*Click on any image to enlarge and see description



2. Ek’ Balam

Hidden deep inside the dense jungles north of Valladolid, these ruins are truly a treasure.

‘Ek Balam’ translates to ‘black jaguar’ or ‘star jaguar’. This Black Jaguar city was the capital of an ancient kingdom and was inhabited as early as 100 BC. It was slowly reclaimed by the jungle after it was abandoned by the Maya people, and was discovered relatively recently, in the 1980s. Only a small portion of the city has been excavated so far and very little of which has been rebuilt; most structures are still in ruins and covered in vegetation. Maybe because of this, these ruins do match the image of “ruins” one has in their minds.

Oh and one more thing – unlike other more popular sites, the structures at Ek’ Balam are not cordoned off. These ruins thus offer an intimate experience. Climbing the steps of the main pyramid and looking at the vistas from the top, it is very easy to imagine the city that once was, the people that lived there and how their life used to be.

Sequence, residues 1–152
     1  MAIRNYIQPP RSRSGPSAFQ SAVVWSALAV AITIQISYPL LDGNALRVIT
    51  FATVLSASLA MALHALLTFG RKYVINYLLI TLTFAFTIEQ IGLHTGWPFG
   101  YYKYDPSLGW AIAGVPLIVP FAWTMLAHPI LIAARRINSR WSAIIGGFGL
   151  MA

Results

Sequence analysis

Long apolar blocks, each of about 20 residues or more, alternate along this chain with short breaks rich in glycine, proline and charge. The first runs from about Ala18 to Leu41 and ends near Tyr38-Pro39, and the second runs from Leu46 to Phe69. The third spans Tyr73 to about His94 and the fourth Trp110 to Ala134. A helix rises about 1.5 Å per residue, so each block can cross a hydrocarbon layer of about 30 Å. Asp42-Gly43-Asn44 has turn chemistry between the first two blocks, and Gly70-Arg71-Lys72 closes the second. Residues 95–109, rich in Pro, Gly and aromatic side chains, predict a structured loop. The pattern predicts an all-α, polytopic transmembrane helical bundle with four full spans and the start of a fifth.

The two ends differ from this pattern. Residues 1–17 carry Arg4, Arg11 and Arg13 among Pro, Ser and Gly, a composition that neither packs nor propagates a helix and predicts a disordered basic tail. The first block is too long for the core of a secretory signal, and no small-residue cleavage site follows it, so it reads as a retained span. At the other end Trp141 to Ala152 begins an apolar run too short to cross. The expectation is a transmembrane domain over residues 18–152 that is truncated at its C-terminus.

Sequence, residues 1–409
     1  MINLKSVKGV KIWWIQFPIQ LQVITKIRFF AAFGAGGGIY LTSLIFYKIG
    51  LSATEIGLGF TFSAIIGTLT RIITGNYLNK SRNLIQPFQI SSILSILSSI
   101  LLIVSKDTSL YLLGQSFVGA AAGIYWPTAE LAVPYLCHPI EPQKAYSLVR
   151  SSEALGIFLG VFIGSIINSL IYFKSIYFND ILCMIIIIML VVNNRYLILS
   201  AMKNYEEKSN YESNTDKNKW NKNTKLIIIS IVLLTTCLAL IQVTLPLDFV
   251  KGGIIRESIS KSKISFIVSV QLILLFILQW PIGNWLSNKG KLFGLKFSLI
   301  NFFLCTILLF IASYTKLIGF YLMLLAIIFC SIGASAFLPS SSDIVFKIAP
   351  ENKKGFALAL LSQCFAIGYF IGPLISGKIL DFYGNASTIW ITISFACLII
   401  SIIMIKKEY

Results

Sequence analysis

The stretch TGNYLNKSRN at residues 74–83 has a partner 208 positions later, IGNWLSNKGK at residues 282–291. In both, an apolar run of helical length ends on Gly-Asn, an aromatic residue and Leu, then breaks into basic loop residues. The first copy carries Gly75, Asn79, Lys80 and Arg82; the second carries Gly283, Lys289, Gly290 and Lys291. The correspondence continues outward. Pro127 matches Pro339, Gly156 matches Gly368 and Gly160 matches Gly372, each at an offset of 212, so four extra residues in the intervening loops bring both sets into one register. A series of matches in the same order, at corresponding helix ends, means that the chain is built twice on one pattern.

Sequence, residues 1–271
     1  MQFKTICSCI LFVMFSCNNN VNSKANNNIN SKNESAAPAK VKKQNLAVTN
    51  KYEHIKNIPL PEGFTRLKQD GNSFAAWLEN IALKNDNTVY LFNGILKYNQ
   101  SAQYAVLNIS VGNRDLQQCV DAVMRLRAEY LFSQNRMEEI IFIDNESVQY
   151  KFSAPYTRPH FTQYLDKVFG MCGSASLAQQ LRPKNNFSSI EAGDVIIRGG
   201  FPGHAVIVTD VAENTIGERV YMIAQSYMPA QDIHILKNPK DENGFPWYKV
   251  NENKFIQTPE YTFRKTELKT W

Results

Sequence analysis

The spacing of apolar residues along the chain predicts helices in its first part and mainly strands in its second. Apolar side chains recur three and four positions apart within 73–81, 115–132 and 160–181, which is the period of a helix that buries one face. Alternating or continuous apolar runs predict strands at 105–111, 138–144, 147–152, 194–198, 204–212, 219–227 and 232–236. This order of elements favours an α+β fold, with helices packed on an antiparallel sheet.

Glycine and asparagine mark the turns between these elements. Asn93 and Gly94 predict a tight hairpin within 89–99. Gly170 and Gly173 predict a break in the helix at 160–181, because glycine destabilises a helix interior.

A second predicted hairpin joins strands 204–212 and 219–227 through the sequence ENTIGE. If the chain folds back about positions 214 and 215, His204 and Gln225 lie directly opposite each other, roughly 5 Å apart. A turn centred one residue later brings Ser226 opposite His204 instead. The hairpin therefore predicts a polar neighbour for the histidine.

*Click on any image to enlarge and see description



3. Chichen Itza

Of course, the Chichen Itza ruins had to make it to this list!

I am going to go out on a limb here; the popularity of the Chichen Itza ruins has a lot do with how easily accessible they are. The ruins are grand but not the grandest, they are beautiful but we did visit more picturesque ones; these score ‘meets expectations’ on all the criteria – if such a criteria did exist!

Don’t get me wrong – I am also saying that Chichen Itza is a great choice if you are in the Cancun area and have room in your plans to visit only one site. If you do have time, definitely consider the previous two. Particularly, Ek’ Balam would be a great addition to a day trip to Chichen Itza as the two sites are close by and would together offer a more complete experience.

Honestly, we had no plans to visit Chichen Itza and decided to take the exit at the last minute. We were also late, it was almost 4 PM by the time we parked our car. As the sites usually close for the day at 5 PM, the entry is closed by 4 PM, and we were advised to just turn back and leave by the street vendors. Luckily, we chose to inquire at the information desk, and were told that the site would reopen for an additional hour at 5 PM to accommodate the clueless wanderers like us. In the end, we did not get a lot of time at the ruins as it got dark pretty soon, but, on the flip side, we skipped the usual throngs of tourists, had the site almost entirely to ourselves, and got some truly spectacular photos.